The Tennessean has a great story about the kill rate at Metro Animal Care and Control, which is depressingly high.
A spokesman with the Metro Health Department, which oversees the city’s animal control program, said though its euthanasia rate is high, it is improving.
In the fiscal year that ended June 30, Metro impounded 10,290 animals, of which 8,058 were euthanized, a 78 percent death rate. The previous year, though, the percentage was even higher, with 10,933 animals impounded and 8,867 were killed — a rate of 81 percent.
East Nashville resident Sarah Martin and other activists say that lackluster funding is part of the culprit.
Petition supporters are calling for increased funding for the city’s $1.8 million animal control program to shore up the program’s workforce and space.
“There are steps that can be taken that could lower the euthanasia rate immediately,” Martin said.
I just would like to add one thing — from a slightly different angle, living, as I do, out where people dump their unwanted pets. Yes, 78 percent is a high number. And yes, if you drop your pet off at the pound, it has a three in four chance of dying. But it will die quickly in a painless fashion.
When you dump your unwanted pets out in the "country" (and people, if you're not getting even as far out as Old Hickory Boulevard, you are not in the country), you are all but guaranteeing that they will suffer immensely and die. They don't live happy carefree lives being feral. At best, one of my neighbors shoots them. At worst, they get injured and suffer until they succumb to their injuries or to predators. But the most heartbreaking ones are the animals that keep coming back to the road, running up to cars, hoping that one of them is your evil ass.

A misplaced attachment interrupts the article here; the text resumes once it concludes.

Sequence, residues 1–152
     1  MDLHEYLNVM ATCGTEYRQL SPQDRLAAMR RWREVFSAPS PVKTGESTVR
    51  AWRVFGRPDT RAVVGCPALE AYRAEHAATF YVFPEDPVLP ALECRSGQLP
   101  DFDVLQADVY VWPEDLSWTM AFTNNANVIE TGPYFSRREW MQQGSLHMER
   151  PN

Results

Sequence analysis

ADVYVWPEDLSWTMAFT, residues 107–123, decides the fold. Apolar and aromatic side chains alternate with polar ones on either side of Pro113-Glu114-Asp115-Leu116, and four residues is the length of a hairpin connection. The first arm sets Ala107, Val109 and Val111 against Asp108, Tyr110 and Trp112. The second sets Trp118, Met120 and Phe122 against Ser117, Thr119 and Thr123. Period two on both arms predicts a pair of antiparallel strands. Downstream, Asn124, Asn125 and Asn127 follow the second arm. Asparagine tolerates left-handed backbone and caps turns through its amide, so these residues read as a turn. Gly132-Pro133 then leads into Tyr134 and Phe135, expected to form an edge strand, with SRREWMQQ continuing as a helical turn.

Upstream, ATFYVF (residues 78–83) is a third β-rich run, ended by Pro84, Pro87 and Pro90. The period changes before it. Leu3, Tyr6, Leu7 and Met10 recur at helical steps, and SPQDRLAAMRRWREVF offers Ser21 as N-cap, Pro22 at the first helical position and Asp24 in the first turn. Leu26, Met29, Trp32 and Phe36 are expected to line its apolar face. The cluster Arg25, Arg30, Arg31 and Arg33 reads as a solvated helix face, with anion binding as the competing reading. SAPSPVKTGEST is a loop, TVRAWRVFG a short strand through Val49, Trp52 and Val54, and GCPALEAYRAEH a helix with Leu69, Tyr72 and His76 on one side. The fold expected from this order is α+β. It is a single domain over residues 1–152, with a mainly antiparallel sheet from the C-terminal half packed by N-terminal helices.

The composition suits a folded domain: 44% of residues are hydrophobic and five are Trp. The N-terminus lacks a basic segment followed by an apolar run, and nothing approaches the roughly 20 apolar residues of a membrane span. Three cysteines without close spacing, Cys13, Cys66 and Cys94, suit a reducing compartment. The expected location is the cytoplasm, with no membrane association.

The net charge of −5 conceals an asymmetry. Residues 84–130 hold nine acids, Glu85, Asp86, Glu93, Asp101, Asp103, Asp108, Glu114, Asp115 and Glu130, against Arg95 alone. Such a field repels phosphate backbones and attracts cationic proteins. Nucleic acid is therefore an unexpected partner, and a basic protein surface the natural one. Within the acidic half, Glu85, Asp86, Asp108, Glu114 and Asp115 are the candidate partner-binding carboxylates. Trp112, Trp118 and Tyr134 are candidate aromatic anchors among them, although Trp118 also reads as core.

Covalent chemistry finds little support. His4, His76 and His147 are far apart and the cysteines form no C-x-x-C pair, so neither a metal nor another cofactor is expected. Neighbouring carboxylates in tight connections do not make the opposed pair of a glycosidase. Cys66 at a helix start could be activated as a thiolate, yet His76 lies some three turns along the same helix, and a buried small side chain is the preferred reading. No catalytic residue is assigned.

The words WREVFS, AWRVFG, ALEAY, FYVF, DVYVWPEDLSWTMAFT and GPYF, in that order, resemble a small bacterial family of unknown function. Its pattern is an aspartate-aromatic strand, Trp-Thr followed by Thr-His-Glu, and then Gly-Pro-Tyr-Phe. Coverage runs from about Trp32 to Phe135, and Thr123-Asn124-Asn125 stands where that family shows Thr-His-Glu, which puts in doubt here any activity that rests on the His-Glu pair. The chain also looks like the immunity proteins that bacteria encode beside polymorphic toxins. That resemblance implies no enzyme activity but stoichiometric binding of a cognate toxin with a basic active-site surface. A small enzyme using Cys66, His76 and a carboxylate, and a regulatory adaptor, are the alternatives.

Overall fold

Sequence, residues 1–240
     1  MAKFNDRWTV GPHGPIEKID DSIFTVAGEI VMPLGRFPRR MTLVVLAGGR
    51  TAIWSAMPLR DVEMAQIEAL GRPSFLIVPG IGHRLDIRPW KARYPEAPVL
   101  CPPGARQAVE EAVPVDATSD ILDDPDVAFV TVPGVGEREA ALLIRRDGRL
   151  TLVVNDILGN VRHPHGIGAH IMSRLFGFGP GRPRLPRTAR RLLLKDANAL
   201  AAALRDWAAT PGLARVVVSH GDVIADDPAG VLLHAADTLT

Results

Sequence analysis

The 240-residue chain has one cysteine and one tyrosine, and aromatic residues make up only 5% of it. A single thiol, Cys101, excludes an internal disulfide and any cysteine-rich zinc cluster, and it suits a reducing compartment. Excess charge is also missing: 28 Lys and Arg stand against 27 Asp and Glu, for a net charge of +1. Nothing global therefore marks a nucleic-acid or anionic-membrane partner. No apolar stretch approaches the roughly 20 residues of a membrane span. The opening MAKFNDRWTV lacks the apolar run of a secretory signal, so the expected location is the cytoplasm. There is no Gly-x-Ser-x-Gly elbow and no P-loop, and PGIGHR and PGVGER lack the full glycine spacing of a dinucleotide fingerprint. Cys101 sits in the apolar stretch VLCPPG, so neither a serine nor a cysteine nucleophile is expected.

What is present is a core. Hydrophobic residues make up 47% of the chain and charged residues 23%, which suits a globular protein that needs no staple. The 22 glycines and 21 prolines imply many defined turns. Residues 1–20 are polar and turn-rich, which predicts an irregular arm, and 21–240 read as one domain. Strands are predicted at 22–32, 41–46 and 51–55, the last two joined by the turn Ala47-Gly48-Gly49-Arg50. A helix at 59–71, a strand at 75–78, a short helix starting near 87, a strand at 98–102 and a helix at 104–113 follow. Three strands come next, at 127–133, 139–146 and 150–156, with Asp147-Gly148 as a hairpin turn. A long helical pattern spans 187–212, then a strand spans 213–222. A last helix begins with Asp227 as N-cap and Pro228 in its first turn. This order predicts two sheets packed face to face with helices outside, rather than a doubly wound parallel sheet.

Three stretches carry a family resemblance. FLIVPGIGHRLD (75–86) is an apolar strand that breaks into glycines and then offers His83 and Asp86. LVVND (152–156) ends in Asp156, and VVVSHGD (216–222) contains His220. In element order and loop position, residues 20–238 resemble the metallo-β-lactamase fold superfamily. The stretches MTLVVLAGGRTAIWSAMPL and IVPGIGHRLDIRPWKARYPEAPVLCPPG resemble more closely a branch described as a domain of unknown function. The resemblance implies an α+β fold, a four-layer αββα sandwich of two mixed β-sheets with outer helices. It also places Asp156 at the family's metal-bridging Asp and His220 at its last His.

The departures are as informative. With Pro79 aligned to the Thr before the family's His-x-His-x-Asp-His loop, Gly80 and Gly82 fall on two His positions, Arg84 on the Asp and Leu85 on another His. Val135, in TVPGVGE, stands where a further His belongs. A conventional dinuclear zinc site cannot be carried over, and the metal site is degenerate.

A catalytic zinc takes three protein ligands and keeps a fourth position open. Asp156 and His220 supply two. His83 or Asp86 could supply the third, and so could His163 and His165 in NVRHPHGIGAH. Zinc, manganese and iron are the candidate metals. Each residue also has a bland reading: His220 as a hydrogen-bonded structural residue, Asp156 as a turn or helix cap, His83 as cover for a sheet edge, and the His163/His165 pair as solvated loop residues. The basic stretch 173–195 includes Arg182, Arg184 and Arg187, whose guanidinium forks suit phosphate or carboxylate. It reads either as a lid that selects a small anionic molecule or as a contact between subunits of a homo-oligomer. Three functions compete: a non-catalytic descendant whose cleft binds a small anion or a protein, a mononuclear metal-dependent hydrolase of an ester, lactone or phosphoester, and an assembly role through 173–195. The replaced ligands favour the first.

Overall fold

The ones that keep coming back for you die fairly quickly. Someone hits them and then they rot in the bike lane.
It's depressing as hell. If you cannot care for your animal for whatever reason, you have an obligation to place it with someone who can, or to turn it over to someone who will either try to find it a home or kill it in a merciful manner. That is the least you owe that animal.
So, yes, the kill rate at our shelter is terrible. But the kill rate of people who just ditch their animals is much, much worse. So as we're working to lower the shelter kill rate, let's not forget about encouraging people to use shelters to begin with.